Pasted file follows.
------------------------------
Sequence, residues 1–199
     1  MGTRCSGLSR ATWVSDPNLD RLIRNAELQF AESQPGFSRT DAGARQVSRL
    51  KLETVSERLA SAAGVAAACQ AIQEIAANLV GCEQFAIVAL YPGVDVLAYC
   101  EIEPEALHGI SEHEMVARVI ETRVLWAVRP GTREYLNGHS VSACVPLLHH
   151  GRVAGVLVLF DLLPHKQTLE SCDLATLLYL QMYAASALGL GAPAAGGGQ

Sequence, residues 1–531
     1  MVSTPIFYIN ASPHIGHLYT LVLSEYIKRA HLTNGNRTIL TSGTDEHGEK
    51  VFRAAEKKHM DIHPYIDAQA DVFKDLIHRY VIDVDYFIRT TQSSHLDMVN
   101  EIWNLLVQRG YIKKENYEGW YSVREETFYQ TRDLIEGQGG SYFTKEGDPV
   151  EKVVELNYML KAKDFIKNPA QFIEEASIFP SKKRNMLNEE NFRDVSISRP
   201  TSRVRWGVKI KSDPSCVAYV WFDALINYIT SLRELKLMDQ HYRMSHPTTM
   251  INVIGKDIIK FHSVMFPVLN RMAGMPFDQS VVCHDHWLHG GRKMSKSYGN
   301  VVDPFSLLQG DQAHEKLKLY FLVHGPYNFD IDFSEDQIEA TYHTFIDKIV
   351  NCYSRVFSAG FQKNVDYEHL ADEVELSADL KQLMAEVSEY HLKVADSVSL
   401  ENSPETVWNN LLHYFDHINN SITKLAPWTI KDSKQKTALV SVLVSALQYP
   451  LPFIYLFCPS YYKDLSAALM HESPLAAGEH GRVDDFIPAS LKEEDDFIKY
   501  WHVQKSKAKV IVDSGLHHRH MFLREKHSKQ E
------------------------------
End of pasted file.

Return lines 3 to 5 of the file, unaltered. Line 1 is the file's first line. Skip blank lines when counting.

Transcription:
    51  KLETVSERLA SAAGVAAACQ AIQEIAANLV GCEQFAIVAL YPGVDVLAYC
   101  EIEPEALHGI SEHEMVARVI ETRVLWAVRP GTREYLNGHS VSACVPLLHH
   151  GRVAGVLVLF DLLPHKQTLE SCDLATLLYL QMYAASALGL GAPAAGGGQ